$=n!f(y_1)f(y_2)\cdots f(y_r)\int_{n-2}^{\infty}\cdots \int_{r+1}^{\infty} \int_{r}^{\infty}f(y_{r+1})f(y_{r+2})\cdots f(y_{n-2})\frac{[1-F(y_{n-2})]^2}{2}dy_{r+1}dy_{r+2}\cdots dy_{n-2}$

$=n!f(y_1)f(y_2)\cdots f(y_r)\frac{[1-F(y_r)]^{n-r}}{(n-r)!}$

$=n!\frac{1}{\theta}e^{\frac{-y_1}{\theta}}\frac{1}{\theta}e^{\frac{-y_2}{\theta}}\cdots \frac{1}{\theta}e^{\frac{-y_r}{\theta}}[e^{-y_r/\theta}]^{n-r}/(n-r)!$

$=\frac{n!\theta^{-r}}{(n-r)!}e^{-\frac{1}{\theta}[\sum_{i=1}^{r}y_i+(n-r)y_r]}$

(b)

This part is not difficult. It just a normal way to calculate mle.

$\log L(\theta;y)=\log \frac{n!}{(n-2)!}-r\log(\theta)-\frac{1}{\theta}[\sum_{i=1}^{r}y_i+(n-r)y_r]$ Take derivative of the log likelihood function we get: $\partial \frac{L(\theta;y)}{\theta}=\frac{1}{\theta^2}[\sum_{i=1}^{r}y_i+(n-r)y_r]-r\frac{1}{\theta}$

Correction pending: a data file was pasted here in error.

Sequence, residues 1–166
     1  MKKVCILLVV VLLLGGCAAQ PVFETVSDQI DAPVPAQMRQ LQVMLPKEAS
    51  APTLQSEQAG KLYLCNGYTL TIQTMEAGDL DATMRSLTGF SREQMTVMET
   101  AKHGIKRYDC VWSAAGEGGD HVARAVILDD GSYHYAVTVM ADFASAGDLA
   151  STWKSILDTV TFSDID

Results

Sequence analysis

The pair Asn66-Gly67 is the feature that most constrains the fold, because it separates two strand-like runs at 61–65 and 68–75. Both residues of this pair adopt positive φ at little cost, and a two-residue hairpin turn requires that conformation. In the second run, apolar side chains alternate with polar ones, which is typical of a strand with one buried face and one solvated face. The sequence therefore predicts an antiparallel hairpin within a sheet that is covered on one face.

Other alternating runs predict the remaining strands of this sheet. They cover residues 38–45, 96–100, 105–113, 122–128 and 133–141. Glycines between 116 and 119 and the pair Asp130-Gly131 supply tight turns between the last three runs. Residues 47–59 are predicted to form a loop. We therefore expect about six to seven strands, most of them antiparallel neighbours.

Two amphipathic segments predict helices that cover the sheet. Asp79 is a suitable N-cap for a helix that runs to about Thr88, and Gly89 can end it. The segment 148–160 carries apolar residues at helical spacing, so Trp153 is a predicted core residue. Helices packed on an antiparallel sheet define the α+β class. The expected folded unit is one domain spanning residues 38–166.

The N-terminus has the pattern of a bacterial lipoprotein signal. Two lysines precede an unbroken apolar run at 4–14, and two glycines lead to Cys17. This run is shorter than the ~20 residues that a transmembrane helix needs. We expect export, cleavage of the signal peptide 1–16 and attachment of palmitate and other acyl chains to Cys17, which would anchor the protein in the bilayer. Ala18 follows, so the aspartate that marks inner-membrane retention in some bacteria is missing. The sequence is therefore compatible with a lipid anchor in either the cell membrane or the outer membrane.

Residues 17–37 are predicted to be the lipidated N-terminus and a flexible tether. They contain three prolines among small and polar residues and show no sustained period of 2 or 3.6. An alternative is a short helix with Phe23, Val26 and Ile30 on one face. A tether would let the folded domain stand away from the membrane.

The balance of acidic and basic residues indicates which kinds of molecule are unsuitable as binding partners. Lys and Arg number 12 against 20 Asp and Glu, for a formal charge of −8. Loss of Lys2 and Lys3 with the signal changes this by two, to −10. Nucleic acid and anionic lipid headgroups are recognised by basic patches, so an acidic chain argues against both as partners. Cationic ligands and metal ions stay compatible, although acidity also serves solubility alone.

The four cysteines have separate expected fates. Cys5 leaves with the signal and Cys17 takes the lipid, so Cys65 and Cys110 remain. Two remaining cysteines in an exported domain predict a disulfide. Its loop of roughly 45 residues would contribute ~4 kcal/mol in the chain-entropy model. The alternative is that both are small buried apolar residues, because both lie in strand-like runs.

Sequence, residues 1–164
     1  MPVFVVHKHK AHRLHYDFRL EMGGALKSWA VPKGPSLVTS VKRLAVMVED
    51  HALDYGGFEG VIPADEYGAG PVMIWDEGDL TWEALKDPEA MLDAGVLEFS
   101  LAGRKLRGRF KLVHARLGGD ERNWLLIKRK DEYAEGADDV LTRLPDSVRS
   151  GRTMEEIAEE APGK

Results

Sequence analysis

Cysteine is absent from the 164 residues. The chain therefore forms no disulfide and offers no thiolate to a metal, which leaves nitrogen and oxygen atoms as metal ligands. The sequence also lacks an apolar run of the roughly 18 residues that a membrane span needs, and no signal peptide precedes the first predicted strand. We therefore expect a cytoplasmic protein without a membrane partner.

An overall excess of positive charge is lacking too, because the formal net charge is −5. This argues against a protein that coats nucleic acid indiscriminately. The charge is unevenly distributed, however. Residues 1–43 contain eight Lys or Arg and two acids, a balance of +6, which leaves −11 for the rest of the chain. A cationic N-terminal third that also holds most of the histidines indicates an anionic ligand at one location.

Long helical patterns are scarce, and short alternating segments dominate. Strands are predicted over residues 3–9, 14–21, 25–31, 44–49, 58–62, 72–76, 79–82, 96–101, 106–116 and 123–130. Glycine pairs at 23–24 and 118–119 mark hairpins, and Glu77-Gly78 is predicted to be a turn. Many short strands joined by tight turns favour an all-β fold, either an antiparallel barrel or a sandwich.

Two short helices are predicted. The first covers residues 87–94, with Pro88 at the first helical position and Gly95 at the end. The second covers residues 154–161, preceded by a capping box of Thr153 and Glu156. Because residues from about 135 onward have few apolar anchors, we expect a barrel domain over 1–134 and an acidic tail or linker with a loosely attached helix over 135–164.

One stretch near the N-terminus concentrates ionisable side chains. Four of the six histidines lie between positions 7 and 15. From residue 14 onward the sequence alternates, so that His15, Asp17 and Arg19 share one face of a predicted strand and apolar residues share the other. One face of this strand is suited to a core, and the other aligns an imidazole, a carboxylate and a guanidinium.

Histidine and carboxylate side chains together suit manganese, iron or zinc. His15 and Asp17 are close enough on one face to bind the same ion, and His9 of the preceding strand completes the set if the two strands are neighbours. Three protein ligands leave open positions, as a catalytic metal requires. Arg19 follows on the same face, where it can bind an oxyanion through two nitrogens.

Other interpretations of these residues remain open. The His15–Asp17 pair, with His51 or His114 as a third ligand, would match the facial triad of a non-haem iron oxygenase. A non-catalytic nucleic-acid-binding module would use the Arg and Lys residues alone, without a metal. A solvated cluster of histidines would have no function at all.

Set the derivative to zero

We get: $\hat{\theta}=\frac{[\sum_{i=1}^{r}y_i+(n-r)y_r]}{r}$

(c)

To solve (c) I think we need at least to know the distribution of $\sum_{i=1}^{r}y_i$.

I search the internet, there is a paper talk about this distribution, https://www.ocf.berkeley.edu/~wwu/articles/orderStatSum.pdf

But I think the method might not be correct since for order statistic $F(y_i)$ are different, we cannot use binomial distribution there.

There is another paper here http://www.jstor.org/stable/4615746?seq=1#page_scan_tab_contents

But I am totally lost at formula (2.2) if someone would like to explain the paper with more detailed calculations, it will be highly appreciated.

(d) only after solve (c)

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    $\begingroup$ I think a transformation argument will work. $\endgroup$
    – JohnK
    Jul 13, 2015 at 16:50